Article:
What’s the point of social media? Liam Barrington-Bush of more like people recently characterised the way third sector organisations answer this question with three crude (his word, not mine) categories.
In his own words, organisations see social media as:
1. The new fax machine. It's a tool that gets given to a low-ranking member of staff to handle, with little-to-no autonomy or recognition of its significance. 'One tweet per week' kinda thing. Where lots of organisations were a few years ago, and at least a few still are... The point tends to be to keep up with the Joneses, ‘cause others are doing it. Nothing more.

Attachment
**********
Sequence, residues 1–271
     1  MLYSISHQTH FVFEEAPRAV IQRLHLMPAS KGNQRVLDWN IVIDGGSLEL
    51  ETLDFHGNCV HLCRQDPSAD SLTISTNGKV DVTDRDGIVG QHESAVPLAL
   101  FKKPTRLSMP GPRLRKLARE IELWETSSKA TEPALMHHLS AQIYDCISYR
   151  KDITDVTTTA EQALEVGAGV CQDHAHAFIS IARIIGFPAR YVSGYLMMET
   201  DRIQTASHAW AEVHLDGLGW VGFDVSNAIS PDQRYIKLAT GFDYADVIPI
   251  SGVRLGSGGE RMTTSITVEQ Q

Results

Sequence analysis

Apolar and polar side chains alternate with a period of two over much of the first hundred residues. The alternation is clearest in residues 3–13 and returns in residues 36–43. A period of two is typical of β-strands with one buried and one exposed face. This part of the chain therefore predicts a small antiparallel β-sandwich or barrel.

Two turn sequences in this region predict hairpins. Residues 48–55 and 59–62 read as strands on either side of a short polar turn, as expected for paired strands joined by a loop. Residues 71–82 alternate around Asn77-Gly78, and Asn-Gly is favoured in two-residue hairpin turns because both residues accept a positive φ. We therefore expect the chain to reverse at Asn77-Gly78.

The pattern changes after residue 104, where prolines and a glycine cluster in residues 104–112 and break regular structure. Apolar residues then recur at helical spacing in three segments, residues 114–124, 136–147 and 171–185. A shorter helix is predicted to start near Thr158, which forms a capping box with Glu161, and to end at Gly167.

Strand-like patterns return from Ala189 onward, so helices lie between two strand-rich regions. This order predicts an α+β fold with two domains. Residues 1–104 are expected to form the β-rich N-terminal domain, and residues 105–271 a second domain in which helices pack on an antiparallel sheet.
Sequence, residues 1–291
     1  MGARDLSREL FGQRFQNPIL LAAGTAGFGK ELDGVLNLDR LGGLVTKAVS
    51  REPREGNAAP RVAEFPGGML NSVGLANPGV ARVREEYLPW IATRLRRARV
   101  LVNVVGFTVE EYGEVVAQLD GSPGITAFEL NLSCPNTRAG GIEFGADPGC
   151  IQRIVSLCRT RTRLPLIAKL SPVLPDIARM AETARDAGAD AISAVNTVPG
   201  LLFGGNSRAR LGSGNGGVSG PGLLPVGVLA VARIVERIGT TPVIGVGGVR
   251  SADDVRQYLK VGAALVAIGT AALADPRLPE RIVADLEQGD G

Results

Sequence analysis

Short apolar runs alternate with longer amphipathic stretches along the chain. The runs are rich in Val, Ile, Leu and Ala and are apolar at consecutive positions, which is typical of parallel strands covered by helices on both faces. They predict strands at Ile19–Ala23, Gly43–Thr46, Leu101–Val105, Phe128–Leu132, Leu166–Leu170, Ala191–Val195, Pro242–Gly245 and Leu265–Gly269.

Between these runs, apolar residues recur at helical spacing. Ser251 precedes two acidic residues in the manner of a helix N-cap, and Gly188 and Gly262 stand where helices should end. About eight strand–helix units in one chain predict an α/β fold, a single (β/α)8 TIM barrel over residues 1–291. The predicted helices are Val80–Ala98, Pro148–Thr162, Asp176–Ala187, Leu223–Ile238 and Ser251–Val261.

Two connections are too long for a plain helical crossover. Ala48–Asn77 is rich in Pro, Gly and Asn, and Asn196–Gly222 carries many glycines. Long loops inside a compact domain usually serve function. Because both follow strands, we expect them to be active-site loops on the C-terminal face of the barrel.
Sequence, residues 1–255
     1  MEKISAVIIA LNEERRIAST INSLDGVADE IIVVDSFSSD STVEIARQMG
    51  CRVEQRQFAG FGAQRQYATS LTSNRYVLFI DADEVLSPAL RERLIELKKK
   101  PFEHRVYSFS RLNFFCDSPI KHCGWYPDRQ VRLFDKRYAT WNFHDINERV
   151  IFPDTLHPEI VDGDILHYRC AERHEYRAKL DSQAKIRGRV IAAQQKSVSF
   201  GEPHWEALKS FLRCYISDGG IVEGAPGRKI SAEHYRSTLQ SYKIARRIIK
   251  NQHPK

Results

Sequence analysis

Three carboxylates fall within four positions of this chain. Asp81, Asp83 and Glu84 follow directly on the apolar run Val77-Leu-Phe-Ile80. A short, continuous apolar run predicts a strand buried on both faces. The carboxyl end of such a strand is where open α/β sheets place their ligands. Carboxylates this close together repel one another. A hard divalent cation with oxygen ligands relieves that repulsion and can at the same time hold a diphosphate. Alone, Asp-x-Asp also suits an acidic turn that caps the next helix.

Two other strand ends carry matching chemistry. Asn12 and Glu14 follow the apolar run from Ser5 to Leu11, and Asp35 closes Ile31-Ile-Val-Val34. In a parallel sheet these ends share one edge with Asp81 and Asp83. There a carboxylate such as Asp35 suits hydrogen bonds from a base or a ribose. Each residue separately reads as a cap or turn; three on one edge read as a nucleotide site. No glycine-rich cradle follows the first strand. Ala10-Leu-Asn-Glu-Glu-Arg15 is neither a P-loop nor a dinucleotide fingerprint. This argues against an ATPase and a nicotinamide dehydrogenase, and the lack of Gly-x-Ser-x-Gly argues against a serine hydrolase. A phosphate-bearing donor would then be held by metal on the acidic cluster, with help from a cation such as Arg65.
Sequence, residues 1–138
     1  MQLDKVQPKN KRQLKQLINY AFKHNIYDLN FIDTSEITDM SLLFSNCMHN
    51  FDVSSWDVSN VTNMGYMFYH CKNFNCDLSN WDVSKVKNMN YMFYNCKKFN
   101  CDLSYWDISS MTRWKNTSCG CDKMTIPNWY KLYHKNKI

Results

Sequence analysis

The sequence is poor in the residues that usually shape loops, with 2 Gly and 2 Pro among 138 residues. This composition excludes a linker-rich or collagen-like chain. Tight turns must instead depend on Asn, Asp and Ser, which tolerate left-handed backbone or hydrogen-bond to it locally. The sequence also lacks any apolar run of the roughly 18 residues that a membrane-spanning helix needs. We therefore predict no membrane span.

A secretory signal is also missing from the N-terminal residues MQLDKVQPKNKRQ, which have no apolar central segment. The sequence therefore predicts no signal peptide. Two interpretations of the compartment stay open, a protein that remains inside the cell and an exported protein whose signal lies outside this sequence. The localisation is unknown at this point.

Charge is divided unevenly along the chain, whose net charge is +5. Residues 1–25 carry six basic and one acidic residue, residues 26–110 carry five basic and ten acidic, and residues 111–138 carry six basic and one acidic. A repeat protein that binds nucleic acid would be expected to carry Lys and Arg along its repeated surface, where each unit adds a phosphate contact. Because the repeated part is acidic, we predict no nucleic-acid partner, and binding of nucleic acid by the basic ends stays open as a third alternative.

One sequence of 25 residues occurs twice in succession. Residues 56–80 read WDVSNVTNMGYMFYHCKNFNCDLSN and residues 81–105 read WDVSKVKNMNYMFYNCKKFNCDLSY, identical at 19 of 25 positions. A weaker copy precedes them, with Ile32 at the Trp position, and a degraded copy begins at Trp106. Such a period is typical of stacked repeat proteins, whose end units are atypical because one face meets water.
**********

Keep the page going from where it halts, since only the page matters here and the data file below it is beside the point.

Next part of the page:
2. The social engineering project. Highly specialised digital teams that add up lots of metrics and then conflate them with campaign success or failure. This tends to involve lots of assumptions about the people who support us, boxing them into demographic groups and feeding them lowest-common-denominator (clicktivist) actions based on those assumptions. The point to this approach tends to be bigger numbers, and that more = better. This is obviously true in many situations, but can be a misleading metric of success in many others, if it is a kind of involvement that minimises what people feel they are able to offer to a cause, to give people something that is likely to boost total figures.